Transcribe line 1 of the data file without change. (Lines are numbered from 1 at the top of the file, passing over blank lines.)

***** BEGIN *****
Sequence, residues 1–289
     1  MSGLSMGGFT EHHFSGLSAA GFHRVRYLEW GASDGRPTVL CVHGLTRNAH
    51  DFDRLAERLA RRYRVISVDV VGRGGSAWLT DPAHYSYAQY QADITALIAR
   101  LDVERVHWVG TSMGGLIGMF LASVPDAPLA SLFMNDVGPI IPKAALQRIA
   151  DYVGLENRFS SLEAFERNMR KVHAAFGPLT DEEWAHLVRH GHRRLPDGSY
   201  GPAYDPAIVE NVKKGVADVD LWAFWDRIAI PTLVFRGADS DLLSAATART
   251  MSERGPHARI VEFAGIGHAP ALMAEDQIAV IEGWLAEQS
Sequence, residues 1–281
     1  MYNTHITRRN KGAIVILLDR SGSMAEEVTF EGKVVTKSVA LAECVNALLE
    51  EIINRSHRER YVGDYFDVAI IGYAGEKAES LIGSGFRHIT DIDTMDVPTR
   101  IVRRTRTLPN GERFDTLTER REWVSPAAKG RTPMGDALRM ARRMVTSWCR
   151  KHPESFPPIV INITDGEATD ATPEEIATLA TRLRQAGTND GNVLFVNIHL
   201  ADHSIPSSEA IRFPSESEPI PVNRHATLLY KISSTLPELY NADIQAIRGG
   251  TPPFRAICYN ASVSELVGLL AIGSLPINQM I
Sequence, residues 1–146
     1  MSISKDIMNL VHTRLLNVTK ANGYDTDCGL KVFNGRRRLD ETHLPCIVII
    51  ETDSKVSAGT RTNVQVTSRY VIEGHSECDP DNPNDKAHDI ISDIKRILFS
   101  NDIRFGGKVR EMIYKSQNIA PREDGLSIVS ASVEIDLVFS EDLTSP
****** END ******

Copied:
Sequence, residues 1–289